Take the 2-minute tour ×
Mathematics Stack Exchange is a question and answer site for people studying math at any level and professionals in related fields. It's 100% free, no registration required.

The resultant $\operatorname{Res}(f,g)$ of two polynomials over a field $k$ is a polynomial in the coefficients of $f$ and $g$ which enjoys the property of being nonzero if and only if $f$ and $g$ have no common root in an algebraic closure $\overline{k}$ of $k$.

Does there exist a similar construction for three polynomials? There seems to be none. I would like to suggest the following conjecture:

Conjecture: there does not exist a function $\operatorname{Res}(f,g,h)$ of three polynomials $f,g,h \in k[x]$, which is a polynomial in the coefficients of $f,g,h$, having the property of being zero if and only if the polynomials $f,g,h$ have a common root in an algebraic closure $\overline{k}$ of $k$.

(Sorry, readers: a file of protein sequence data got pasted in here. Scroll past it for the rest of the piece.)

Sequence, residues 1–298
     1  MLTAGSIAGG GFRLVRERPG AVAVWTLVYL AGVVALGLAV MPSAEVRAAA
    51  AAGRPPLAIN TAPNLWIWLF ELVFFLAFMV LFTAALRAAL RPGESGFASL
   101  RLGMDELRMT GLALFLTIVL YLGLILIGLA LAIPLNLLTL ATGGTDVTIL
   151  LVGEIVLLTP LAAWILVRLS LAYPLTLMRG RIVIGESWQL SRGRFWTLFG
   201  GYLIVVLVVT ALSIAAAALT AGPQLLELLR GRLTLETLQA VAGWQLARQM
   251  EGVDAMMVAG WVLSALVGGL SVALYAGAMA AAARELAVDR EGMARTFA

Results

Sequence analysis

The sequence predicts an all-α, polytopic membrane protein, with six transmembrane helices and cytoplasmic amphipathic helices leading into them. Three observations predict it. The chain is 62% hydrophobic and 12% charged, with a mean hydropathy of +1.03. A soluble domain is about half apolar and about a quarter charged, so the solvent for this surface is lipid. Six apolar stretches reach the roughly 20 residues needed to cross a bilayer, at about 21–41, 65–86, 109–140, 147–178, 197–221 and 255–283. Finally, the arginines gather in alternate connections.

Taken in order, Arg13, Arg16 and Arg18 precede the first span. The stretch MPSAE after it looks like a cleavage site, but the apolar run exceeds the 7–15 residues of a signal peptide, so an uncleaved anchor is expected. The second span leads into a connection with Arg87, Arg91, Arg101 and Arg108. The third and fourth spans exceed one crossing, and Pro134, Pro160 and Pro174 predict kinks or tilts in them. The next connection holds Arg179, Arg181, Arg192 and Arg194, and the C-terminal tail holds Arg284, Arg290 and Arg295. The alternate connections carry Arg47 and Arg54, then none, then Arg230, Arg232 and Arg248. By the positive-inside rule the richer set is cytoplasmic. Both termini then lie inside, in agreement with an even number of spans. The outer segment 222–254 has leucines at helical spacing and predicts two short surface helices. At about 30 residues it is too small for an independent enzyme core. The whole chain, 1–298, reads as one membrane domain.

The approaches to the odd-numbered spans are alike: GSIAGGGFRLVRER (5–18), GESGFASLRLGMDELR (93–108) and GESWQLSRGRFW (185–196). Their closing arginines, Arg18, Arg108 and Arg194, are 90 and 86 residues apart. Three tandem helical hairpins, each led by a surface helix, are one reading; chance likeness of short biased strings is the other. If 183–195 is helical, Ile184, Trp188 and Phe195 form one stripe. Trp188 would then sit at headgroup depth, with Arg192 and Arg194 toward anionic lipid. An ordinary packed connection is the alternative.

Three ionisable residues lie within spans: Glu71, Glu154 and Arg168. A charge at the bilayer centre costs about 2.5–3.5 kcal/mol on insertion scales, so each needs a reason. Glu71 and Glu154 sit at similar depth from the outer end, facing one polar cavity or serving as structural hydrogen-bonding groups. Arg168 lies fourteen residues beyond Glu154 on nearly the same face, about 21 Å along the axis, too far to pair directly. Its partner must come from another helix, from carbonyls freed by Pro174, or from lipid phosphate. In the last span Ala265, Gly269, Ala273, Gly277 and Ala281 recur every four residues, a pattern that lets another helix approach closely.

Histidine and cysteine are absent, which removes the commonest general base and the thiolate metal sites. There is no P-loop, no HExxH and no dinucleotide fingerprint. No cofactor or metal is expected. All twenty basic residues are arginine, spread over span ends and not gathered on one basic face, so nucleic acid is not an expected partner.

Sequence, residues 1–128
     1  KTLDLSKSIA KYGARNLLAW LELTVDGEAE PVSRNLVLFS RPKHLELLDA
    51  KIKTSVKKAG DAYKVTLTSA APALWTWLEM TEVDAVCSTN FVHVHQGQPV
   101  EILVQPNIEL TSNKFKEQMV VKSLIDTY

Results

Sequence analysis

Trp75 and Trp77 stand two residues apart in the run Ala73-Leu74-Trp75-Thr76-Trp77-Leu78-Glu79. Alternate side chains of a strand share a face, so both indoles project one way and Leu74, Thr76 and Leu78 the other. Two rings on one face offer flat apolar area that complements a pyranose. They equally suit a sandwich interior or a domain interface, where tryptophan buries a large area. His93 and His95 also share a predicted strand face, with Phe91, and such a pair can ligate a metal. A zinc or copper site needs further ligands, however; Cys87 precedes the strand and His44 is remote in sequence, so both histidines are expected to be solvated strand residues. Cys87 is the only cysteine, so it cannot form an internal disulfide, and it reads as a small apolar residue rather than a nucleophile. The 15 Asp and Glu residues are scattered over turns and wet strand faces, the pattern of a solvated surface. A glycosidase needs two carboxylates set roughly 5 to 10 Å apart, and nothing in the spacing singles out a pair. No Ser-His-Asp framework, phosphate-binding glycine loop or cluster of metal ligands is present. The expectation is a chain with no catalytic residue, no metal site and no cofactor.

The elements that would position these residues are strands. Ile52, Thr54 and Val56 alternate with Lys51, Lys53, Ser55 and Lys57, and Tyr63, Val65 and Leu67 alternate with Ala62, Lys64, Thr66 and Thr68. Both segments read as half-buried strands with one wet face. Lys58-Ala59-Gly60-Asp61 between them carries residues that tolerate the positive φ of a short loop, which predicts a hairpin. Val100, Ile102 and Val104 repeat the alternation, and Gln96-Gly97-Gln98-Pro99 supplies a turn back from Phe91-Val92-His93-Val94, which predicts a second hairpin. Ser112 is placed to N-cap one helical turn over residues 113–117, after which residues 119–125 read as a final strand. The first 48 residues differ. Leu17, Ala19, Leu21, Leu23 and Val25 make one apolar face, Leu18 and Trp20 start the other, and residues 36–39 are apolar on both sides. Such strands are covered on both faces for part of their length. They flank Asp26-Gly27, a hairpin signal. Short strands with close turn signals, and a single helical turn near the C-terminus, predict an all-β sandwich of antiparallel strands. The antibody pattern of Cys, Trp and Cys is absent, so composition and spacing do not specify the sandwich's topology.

share|improve this question

2 Answers 2

up vote 9 down vote accepted

This can be done using resolvants - which date back to Kronecker if not earlier. Below is an elementary introduction from p.14 of Elkadi et al. Algebraic geometry and geometric modeling. enter image description here enter image description here

share|improve this answer
1  
That's great! Kronecker answers my question from the grave. –  Bruno Joyal Jun 24 '11 at 1:41

There is a resultant for three polynomials in two variables. It's considerably trickier than the resultant for two polynomials in one variable.

share|improve this answer
1  
Would you mind elaborating a bit? I'm really talking about one variable though. :) –  Bruno Joyal Jun 24 '11 at 0:48
1  
@Bruno Google "Dixon resultant". –  Bill Dubuque Jun 24 '11 at 1:02

Your Answer

 
discard

By posting your answer, you agree to the privacy policy and terms of service.

Not the answer you're looking for? Browse other questions tagged or ask your own question.